This was another of my sample sipdowns from early in the year. It is also a tea that I did not really know anything about prior to drinking it. I still don’t know anything about it other than it was the 2019 version of the traditional Shui Xian that Old Ways Tea seems to stock every year. In truth, I was not expecting much, but as it turned out, this was a great offering. It was not as durable as some of Old Ways Tea’s specialized or higher end Shui Xian, but it offered tremendously enjoyable aromas, flavors, and texture.
I prepared this tea gongfu style. After a 10 second rinse, I steeped 5 grams of loose tea leaves in 3 fluid ounces of 203 F water for 6 seconds. This infusion was followed by 16 additional infusions. Steep times for these infusions were 9 seconds, 12 seconds, 16 seconds, 20 seconds, 25 seconds, 30 seconds, 40 seconds, 50 seconds, 1 minute, 1 minute 15 seconds, 1 minute 30 seconds, 2 minutes, 3 minutes, 5 minutes, 7 minutes, and 10 minutes.
Prior to the rinse, the dry tea leaves emitted aromas of cinnamon, pine, charcoal, blackberry, and black cherry. After the rinse, I picked up new aromas of roasted almond, roasted peanut, smoke, baked bread, and rock sugar. The first infusion introduced a pomegranate aroma underscored by subtler grass and cannabis scents. In the mouth, the tea liquor presented notes of cinnamon, pine, smoke, charcoal, roasted almond, grass, blackberry, and black cherry that were chased by subtler flavors of tobacco, nutmeg, baked bread, roasted peanut, and pomegranate. The bulk of the subsequent infusions gradually added new aromas of dark chocolate, plum, tobacco, and red grape. Stronger and more immediately detectable impressions of tobacco, roasted peanut, and baked bread appeared in the mouth alongside fresh notes of minerals, red grape, orchid, caramel, rock sugar, plum, earth, black currant, orange zest, and violet. Hints of black raspberry, dark chocolate, peach, and cannabis could also be detected here and there. As the tea faded, the liquor continued to emphasize notes of minerals, baked bread, caramel, roasted almond, black cherry, grass, tobacco, pine, and red grape that were balanced by lingering hints of earth, roasted peanut, charcoal, blackberry, orange zest, black raspberry, black currant, and dark chocolate.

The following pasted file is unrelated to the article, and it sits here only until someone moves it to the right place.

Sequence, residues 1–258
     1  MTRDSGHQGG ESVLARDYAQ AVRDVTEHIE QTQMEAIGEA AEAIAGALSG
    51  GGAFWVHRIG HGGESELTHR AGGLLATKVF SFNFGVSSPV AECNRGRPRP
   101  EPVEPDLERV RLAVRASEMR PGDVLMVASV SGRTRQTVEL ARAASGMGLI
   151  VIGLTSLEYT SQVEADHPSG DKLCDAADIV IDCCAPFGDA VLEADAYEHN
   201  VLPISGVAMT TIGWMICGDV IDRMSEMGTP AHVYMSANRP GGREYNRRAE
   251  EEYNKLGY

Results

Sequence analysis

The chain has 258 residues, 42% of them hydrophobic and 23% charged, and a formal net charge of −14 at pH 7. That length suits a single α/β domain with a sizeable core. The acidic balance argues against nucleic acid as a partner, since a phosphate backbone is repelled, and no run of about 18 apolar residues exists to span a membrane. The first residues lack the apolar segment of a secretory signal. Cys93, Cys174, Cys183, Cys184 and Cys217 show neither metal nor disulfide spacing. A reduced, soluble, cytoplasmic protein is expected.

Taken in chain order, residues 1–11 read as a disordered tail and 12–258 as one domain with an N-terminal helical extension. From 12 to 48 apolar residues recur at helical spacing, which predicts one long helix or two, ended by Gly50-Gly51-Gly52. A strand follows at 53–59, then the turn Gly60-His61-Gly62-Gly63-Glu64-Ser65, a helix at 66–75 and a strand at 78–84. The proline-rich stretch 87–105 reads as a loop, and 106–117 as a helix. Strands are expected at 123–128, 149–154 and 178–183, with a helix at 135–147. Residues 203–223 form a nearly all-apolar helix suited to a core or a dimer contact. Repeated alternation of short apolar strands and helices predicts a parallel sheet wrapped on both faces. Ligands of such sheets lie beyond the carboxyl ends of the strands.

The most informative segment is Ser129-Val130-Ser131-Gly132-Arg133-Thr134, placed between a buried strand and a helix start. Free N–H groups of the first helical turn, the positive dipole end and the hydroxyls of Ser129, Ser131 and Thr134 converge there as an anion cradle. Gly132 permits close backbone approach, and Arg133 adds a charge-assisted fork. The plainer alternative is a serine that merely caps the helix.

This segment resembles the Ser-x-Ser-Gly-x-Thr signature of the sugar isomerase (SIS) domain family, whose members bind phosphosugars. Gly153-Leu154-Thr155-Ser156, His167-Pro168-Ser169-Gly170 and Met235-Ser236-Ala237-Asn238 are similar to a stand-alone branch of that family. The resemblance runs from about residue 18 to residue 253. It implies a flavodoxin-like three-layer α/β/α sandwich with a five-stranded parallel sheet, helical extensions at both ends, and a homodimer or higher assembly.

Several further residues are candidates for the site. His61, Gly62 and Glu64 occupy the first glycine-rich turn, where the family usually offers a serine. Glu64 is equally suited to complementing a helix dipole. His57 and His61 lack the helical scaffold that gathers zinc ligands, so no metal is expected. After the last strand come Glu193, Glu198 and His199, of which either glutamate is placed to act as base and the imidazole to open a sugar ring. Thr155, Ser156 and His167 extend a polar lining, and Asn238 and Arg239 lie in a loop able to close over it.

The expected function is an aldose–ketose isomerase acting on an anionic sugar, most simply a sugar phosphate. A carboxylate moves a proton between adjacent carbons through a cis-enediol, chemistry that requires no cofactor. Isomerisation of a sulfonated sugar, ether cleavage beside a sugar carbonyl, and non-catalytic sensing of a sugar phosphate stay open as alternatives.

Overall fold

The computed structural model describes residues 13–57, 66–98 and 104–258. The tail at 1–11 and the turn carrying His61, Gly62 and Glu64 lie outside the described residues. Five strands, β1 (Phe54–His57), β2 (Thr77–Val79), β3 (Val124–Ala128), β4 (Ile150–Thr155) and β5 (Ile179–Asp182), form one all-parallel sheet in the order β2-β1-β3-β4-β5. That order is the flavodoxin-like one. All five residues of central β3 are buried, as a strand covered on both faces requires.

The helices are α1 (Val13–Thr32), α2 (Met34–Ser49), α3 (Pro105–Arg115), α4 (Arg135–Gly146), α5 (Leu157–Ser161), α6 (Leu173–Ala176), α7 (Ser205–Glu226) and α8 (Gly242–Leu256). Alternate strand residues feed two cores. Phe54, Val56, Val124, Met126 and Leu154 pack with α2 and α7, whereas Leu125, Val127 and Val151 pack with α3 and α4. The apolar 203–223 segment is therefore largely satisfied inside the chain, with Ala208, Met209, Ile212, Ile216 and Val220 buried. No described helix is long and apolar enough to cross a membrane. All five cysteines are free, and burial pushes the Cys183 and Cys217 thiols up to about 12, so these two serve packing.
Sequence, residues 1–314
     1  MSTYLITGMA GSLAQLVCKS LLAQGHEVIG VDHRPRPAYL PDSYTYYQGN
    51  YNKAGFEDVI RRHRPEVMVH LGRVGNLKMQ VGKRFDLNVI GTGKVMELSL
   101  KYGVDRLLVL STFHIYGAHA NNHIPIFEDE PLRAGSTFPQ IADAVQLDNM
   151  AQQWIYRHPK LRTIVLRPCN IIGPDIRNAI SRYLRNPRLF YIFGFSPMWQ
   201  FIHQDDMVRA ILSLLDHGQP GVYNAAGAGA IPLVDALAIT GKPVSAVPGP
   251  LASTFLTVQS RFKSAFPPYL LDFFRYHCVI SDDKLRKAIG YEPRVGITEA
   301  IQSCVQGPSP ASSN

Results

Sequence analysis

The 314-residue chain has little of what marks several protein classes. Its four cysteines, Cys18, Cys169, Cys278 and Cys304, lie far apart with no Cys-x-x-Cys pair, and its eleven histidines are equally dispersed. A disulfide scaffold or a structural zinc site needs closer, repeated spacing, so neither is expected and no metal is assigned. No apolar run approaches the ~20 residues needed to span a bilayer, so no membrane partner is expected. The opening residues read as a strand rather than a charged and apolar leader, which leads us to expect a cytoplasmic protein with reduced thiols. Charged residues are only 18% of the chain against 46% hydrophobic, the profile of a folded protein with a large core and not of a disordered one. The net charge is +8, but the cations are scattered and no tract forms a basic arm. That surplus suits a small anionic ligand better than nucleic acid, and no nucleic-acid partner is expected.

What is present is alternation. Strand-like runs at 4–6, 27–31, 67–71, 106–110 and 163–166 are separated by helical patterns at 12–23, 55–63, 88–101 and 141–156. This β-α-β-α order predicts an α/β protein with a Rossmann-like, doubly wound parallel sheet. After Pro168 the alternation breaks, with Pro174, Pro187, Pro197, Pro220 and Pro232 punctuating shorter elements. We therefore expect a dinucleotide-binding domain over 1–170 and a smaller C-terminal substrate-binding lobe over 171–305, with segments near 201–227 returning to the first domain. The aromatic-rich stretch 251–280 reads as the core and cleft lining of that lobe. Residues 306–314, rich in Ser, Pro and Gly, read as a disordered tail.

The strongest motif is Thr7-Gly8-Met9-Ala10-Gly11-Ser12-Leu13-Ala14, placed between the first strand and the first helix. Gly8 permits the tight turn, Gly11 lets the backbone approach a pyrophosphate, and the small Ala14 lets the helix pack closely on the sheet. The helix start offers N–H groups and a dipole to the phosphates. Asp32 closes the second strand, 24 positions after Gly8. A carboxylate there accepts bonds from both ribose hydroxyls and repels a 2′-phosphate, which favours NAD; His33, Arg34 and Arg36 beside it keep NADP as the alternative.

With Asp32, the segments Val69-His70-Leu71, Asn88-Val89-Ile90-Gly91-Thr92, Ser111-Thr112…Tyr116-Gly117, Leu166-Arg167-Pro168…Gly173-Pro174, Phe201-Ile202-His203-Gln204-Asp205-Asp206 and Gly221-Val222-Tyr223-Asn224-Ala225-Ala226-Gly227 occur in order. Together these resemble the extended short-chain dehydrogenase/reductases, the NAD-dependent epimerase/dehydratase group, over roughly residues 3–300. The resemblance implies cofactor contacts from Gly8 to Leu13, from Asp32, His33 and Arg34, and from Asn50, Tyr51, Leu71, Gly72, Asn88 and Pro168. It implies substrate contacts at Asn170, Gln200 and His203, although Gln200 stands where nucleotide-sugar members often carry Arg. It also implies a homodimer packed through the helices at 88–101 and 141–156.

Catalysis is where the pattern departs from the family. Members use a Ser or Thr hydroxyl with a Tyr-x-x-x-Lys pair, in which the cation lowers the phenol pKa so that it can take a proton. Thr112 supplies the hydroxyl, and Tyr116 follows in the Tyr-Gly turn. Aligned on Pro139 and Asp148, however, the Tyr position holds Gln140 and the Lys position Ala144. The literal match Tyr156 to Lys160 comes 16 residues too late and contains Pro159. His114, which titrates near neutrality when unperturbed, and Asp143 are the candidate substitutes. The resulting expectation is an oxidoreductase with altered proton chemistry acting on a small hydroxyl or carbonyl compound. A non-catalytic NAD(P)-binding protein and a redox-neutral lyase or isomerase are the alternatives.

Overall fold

For a standard Shui Xian, this was very interesting. It was very heavy on dark fruit flavors, possessing a more pronounced sweetness than I would generally expect of a tea of this type. There were also one or two truly unique notes in this tea. In particular, that lovely violet flavor that was so noticeable in some of the middle infusions was really something special and unexpected. Despite its lack of durability and refinement compared to some of Old Ways Tea’s higher end Shui Xian offerings, this one was a winner. I now kind of wish I had bought more.
Flavors: Almond, Black Currant, Black Raspberry, Blackberry, Bread, Cannabis, Caramel, Charcoal, Cherry, Cinnamon, Dark Chocolate, Earth, Grapes, Grass, Mineral, Nutmeg, Orange Zest, Orchid, Peach, Peanut, Pine, Plum, Pomegranate, Smoke, Sugar, Tobacco, Violet